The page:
BHP Billiton Ltd. delivered a sombre warning to global commodity markets that oversupply is very much here to stay. Tumbling prices are creating a testing environment for commodity producers, while demand is slowing to more routine levels amid a transition in China’s economy away from investment-led growth, the world’s biggest mining company’s Chief Executive Officer Andrew Mackenzie said Wednesday.
“In many markets, recently installed low-cost supply can now be stretched to meet growing demand,” Mackenzie said in a speech in Canberra. “Incremental supply, induced during periods of higher prices, will take longer to absorb and this means over-supply may persist for some time.”
Expansion by the biggest iron ore producers, including BHP and Vale SA, will see a global surplus swell to 215 million tons in 2018 from 45 million this year, UBS Group AG estimates. Teck Resources Ltd. plans to idle six Canadian coal operations amid a slump in prices and demand.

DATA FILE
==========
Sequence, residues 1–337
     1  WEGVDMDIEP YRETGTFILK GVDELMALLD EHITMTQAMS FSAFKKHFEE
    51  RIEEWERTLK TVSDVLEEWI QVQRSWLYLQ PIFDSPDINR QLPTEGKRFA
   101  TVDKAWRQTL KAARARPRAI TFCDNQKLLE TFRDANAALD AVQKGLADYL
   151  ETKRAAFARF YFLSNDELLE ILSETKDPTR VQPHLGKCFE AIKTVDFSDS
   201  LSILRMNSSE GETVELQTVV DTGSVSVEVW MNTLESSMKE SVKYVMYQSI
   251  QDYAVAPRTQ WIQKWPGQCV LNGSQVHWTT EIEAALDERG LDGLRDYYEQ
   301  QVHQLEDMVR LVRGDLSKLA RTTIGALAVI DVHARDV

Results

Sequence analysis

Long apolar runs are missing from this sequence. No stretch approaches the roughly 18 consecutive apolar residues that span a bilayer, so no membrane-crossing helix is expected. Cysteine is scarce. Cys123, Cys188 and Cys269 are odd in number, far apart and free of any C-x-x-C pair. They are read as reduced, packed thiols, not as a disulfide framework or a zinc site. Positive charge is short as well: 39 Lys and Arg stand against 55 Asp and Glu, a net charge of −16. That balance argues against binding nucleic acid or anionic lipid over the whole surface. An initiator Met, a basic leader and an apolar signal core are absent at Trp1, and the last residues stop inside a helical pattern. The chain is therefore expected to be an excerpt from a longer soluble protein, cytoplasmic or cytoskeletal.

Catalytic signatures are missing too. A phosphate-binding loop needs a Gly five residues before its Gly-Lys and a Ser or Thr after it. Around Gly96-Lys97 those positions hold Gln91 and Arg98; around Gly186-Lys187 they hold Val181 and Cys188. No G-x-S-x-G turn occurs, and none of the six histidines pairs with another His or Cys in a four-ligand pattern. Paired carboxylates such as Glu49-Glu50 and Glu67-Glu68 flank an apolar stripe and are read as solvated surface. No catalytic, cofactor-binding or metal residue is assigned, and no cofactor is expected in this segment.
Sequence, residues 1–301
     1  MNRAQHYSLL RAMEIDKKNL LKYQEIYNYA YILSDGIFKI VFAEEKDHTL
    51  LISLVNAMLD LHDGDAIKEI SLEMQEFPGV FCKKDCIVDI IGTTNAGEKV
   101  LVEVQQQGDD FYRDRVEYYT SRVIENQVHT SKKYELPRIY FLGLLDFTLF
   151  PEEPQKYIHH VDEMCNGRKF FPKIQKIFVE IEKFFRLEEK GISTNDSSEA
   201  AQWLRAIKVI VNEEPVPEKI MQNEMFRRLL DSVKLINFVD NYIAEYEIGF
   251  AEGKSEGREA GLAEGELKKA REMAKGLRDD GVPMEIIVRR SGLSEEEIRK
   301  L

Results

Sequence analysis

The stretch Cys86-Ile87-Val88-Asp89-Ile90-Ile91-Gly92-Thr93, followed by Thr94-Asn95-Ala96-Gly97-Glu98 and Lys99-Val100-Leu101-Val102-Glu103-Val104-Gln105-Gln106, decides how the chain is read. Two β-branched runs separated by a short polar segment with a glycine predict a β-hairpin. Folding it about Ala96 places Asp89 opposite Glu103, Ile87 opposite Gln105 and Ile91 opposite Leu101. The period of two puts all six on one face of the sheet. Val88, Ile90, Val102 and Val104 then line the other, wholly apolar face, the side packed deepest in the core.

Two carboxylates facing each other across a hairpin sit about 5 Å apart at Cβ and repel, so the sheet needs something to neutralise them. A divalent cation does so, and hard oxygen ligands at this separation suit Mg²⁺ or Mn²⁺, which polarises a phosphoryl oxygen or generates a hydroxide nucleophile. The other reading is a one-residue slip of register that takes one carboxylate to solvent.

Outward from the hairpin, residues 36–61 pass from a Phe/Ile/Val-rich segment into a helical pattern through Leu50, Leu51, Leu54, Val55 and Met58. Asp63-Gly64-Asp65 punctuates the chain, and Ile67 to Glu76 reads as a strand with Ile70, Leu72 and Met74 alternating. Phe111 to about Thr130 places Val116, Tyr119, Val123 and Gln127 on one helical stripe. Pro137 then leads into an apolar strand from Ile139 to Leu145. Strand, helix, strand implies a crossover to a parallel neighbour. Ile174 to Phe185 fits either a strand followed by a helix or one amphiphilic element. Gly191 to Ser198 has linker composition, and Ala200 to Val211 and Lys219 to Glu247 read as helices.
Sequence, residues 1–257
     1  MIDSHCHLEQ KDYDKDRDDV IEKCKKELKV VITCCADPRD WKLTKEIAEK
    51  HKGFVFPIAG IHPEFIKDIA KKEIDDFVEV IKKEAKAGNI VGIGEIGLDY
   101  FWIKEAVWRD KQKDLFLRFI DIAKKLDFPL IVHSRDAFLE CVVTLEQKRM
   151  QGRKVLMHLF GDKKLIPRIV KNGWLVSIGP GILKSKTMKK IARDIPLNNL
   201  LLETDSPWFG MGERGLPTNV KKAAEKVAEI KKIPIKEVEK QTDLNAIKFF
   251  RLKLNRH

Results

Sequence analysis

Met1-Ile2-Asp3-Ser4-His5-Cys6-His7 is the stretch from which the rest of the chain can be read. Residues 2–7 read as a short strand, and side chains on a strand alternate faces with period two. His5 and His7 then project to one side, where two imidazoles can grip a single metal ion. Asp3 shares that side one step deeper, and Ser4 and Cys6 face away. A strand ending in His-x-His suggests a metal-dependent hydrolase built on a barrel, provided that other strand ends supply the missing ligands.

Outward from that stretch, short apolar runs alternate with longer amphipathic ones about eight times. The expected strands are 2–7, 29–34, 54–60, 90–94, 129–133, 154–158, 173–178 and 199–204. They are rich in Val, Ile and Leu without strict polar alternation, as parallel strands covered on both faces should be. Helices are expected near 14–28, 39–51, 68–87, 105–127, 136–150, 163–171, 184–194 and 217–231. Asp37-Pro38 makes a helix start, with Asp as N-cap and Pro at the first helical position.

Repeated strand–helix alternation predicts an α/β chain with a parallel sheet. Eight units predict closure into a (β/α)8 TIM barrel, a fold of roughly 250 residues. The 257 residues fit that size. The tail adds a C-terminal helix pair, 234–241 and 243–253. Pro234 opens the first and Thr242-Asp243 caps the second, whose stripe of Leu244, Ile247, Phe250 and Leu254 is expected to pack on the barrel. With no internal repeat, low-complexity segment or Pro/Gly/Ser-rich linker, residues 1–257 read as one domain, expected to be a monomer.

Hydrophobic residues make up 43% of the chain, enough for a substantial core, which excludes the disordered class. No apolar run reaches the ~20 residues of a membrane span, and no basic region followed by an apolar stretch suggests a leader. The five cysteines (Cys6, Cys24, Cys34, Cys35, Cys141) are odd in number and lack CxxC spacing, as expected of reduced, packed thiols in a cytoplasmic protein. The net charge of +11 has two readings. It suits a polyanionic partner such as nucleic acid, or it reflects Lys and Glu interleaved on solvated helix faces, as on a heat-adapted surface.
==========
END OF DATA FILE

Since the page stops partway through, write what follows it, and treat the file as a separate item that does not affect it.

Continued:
“The speed at which prices have returned to long run levels for each commodity has varied as a function of the time taken for low cost supply to come to market,” Mackenzie said.
BHP sees the iron ore and metallurgical coal markets as well supplied and won’t allocate significant new investment to the sectors, Mackenzie said last month.
Efforts by thermal and metallurgical coal producers to scale back planned export growth mean prices will probably rise before iron ore, according to Melbourne-based Morgan Stanley analyst Joel Crane.
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